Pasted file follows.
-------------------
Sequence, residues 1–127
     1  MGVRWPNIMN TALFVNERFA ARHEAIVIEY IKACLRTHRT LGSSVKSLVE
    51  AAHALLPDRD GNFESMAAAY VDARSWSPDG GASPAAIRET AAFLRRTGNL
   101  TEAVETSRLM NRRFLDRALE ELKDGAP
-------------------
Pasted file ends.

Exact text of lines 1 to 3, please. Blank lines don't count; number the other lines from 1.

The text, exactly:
Sequence, residues 1–127
     1  MGVRWPNIMN TALFVNERFA ARHEAIVIEY IKACLRTHRT LGSSVKSLVE
    51  AAHALLPDRD GNFESMAAAY VDARSWSPDG GASPAAIRET AAFLRRTGNL